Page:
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Privilege – Comment on Silence, Permissible Impeachment, § 905.13

State v. Maurice S. Ewing, 2005 WI App 206
For Ewing: David R. Karpe

Issue/Holding: Where the defendant waived his rights and gave pre-trial statements to the police and presented an alibi defense at trial, prosecutorial evidence that the defendant had not revealed the alibi during those statements, and exploitation of that omission during closing argument, did not amount to impermissible comment on silence. “Rather, the prosecutor was highlighting the inconsistency between what Ewing did say and what his alibi witnesses testified to at trial.” ¶¶10-13.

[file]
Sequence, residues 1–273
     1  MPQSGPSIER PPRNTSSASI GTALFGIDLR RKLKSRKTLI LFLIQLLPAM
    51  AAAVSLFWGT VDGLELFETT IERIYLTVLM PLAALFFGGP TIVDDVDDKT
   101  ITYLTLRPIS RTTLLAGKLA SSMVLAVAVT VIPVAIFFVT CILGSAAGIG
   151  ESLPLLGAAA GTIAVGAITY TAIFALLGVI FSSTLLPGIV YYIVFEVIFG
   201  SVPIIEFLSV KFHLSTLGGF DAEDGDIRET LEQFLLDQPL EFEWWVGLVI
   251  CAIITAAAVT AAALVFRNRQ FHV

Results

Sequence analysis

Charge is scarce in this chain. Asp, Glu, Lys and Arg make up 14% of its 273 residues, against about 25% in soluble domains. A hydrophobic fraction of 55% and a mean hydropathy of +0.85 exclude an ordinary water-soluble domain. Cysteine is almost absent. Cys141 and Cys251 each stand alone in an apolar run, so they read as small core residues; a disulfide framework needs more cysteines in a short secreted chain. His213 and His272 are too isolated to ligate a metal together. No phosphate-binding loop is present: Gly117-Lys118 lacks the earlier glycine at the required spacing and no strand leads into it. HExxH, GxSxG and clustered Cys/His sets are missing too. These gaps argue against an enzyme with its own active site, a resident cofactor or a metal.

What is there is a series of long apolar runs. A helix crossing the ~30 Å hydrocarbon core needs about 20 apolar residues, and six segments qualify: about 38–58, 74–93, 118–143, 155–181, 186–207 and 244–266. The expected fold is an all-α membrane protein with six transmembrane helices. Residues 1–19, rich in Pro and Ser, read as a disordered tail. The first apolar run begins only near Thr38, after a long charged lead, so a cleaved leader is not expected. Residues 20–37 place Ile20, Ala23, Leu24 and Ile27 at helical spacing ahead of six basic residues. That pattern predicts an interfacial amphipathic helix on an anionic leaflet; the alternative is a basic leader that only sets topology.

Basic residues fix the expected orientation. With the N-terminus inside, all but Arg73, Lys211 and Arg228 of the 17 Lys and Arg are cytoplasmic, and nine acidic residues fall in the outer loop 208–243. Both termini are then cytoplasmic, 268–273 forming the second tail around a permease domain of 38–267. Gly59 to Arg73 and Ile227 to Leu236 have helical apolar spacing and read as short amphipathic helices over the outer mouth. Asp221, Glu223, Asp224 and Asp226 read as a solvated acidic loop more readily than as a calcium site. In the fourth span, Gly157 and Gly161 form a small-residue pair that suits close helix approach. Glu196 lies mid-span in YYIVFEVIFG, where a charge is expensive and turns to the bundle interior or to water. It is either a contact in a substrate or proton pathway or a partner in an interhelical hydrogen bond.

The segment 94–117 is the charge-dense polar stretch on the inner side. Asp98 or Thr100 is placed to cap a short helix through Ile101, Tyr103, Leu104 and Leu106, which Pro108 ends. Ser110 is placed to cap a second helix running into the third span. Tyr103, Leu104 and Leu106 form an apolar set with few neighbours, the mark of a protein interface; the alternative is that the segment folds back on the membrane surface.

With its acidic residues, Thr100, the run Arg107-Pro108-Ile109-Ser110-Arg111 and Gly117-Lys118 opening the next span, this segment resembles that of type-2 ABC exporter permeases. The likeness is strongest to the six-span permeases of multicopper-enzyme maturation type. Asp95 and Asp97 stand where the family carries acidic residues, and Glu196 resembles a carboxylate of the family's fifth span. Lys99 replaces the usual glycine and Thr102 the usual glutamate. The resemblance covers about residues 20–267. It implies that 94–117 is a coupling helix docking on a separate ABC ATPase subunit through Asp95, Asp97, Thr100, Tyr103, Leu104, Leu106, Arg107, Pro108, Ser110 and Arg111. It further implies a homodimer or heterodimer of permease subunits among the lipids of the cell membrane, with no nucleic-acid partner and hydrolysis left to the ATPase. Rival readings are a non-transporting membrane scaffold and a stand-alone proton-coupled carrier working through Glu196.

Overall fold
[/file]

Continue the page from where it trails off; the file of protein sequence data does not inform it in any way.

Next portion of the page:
Various authorities— State v. Feela, 101 Wis.  2d 249, 268, 304 N.W.2d 152 (Ct. App. 1981); State v. Wulff, 200 Wis.  2d 318, 340-41, 546 N.W.2d 522 (Ct. App. 1996), rev’d on other grounds207 Wis.  2d 143, 557 N.W.2d 813 (1997); United States v. Hale, 422 U.S. 171 (1975)—distinguished, on same basis: “The prosecutor impeached the alibi witnesses with Ewing’s statements, not his non-statements.” ¶¶14-16.

For discussion, generally, on constitutional principles, see U.S. v. Santiago, 428 F. 3d 699 (7th Cir 2005).

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